The 90th Scripps National Spelling Bee concluded last week, where 12-year-old Ananya Vinaya was crowned champion having correctly spelled “marocain.” For winning, she gets a cash prize, talk show appearances, and a set of encyclopedias.
Like the many champions before her, Vinaya’s future seems bright. How could it not with past brainiacs going on to successful and lauded careers in science, medicine, journalism, and law. Yet, some winners have taken a somewhat different tact since hoisting the loving cup. Here’s a look at a few past champs who’ve grown up to pursue unique and interesting careers.
The Brooklyn native became a media sensation by scream-spelling the winning word, “Euonym.” She went on to found Research Match, a startup that helps professors and students collaborate, and is currently a software engineer at Google.
Since her victory, however, Sealfon has become the black sheep of sorts of the national spelling bee. The origins of her animosity towards the undue pressures and exhaustion it forces upon its participants is difficult to pin down, but it is evident only moments after winning the 1997 title where she told an interviewer there should be no more spelling bees as “many children are in grief because they lose — and everyone gets nervous.”
Her burst of nervous energy, for instance, was the inspiration for an unflattering character on “South Park.” And in 2012, she published an excoriating essay in The Daily Beast, comparing the Bee to The Hunger Games. “Competitive spelling is a very American contest; Americans particularly enjoy watching winners win and losers lose.”
2002 champion Pratyush Buddiga won on the correct spelling of the word “prospicience,” a noun which means “the act of looking forward.” In the decade-and-a-half since winning, Buddiga has moved on to an altogether different competitive circuit as a professional poker player. He picked up the sport while as a student at Duke University, where he applied his adept memory and pattern recognition skills to excel at the card game.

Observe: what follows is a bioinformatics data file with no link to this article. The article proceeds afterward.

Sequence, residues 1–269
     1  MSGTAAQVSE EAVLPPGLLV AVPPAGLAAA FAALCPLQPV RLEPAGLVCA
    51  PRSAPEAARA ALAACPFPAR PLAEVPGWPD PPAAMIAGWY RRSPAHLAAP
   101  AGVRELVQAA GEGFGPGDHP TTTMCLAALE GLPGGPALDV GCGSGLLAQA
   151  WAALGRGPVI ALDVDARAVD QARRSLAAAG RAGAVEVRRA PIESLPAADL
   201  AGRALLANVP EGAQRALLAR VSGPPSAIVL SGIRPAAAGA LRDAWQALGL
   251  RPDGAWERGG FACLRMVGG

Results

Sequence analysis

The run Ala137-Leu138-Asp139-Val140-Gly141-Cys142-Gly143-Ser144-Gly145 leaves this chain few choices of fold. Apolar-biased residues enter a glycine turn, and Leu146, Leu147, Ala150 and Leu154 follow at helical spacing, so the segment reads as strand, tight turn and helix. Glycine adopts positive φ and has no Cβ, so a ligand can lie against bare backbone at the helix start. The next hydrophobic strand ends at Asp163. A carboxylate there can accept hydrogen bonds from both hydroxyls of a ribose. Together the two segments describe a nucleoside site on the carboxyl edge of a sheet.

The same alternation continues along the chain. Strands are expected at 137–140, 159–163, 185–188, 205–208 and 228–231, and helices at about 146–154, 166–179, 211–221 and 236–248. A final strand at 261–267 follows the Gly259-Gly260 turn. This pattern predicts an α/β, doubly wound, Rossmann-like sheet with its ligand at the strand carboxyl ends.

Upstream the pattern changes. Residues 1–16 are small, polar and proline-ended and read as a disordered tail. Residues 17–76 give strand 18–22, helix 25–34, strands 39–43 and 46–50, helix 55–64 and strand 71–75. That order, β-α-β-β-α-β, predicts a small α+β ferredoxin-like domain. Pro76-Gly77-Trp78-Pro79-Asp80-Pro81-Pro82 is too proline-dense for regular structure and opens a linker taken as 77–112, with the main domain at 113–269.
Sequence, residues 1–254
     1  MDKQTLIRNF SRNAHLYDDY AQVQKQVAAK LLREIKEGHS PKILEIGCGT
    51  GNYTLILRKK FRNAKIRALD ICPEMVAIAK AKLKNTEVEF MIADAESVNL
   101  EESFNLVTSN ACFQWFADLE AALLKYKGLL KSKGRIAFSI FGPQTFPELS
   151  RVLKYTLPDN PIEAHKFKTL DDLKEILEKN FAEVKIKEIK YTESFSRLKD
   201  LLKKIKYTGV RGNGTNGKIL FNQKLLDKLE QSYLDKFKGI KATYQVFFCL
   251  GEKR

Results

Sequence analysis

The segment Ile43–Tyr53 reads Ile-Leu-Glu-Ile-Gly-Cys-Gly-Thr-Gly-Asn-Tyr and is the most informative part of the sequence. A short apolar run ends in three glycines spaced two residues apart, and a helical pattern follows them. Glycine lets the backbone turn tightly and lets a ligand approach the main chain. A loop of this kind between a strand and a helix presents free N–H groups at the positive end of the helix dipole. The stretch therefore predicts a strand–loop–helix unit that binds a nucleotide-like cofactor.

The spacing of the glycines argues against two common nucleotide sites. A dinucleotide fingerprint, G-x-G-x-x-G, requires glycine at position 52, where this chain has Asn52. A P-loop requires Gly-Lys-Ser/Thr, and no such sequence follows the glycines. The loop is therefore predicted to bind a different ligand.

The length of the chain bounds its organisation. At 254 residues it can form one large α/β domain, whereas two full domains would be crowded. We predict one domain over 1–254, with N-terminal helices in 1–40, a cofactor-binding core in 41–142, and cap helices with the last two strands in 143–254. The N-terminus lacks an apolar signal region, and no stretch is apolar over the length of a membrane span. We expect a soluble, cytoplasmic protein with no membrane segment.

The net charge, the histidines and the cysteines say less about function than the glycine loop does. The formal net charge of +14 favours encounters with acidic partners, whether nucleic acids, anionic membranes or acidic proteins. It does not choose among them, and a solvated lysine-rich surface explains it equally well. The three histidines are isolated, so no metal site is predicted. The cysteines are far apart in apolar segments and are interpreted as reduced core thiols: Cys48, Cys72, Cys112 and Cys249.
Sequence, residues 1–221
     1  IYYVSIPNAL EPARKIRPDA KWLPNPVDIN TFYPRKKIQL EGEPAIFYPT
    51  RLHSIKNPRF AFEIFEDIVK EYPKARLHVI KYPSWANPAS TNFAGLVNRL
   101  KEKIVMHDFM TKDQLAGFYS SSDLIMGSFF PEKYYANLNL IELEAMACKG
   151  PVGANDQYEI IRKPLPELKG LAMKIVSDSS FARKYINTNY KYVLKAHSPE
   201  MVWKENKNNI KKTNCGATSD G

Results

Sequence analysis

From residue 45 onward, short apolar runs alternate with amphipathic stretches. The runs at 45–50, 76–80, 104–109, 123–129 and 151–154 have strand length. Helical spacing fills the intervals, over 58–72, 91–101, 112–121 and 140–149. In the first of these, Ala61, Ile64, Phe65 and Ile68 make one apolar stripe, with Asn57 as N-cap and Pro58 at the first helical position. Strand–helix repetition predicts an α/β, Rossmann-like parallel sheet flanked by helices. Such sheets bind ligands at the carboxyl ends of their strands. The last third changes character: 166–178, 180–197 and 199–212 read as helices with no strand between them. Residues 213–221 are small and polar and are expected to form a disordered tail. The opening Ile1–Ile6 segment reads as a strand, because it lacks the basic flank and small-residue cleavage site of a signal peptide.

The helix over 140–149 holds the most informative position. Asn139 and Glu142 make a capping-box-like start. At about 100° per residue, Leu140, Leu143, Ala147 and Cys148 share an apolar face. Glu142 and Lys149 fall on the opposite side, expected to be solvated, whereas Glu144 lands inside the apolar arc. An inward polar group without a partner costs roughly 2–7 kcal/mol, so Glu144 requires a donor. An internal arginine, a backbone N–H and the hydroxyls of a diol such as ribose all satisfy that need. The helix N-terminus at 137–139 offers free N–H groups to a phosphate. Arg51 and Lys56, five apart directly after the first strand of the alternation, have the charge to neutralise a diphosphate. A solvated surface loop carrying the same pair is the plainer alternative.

In moments of intense strategizing, fretting over nerves and financial stakes at the poker table, or in life, really, Buddiga thinks back to his spelling bee days to steel himself. “Okay, I was the best in the country at something, I can do it again,” he told the Washington Post in a recent interview. On balance, however, he doesn’t mind the paydays of his current gig, where he won $840K at a tournament in Macao for coming in third place.
Greenblatt, the 1984 champion whose winning word was “luge,” prefers to work behind the scenes nowadays. While his victory lap included a spell-off with Johnny Carson, it ultimately made him wary of the limelight. “It’s a wake-up call for people who think, ‘When I become rich and famous, my life will change, and it’s all going to be wonderful, and I’ll live like Kim Kardashian,’” he told Time.
That’s not to say that Greenblatt’s retired from pop culture altogether. He is currently a software engineer who moonlights as a voice actor, where he does work for radio ads and video games. Infamously, you can hear him on the point-and-shoot Big Game Hunter 2012 yelping the catchphrases “Top-notch shooting!” and “Top of the food chain, baby!”
He’s not a champion, but Ayyagari placed third twice at the spelling bee. The second instance occurred in 1994 which also happened to be the first year ESPN broadcast the contest. “The lights were incredibly bright and that sort of changed the dynamic about it,” he told NPR, recalling the experience. “Seeing someone from ESPN commenting on your style and strategy was bizarre and weird. But it’s the closest I’ll ever come to being an athlete.”
In terms of mental athletics, however, Ayyagaris wasn’t quite finished. While in law school he would go on to win $27,400 in a “Jeopardy!” Teen Tournament in 2008. (“This will be a better highlight for you,” Alex Trebek supposedly told him.) Ayyagari is also a prolific blogger, which allows him to pursue his passion for writing and design. In fact, he even live-blogged the most recent spelling bee with a “#HotSportsTakes”.
“Vouchsafe” was Trinkle’s winning word and while winners cannot compete in future competitive spelling bees, that doesn’t mean their enthusiasm for the sport diminishes. Along with her fellow winners Carolyn Andrews and Paige Kimble, Trinkle co-authored of How to Spell Like a Champ, an A-to-Z spelling guide recognized by Scripps as an all-purpose resource for aspiring spellers.
After the bee, Trinkle attended MIT, spent over a decade at NASA’s Jet Propulsion Laboratory, worked as an editor at Amazon, and currently spends her time volunteering and freelance writing. Busy as she is, Trinkle still finds the time to watch — and live tweet — the National Spelling Bee.Photos via Screenshot/YouTube, Getty Images / The White House, Courtesy of Scripps National Spelling Bee, Srinivas Ayyagari/NPR, Berrie Trinkle/ITATS, Getty Images / Alex Wong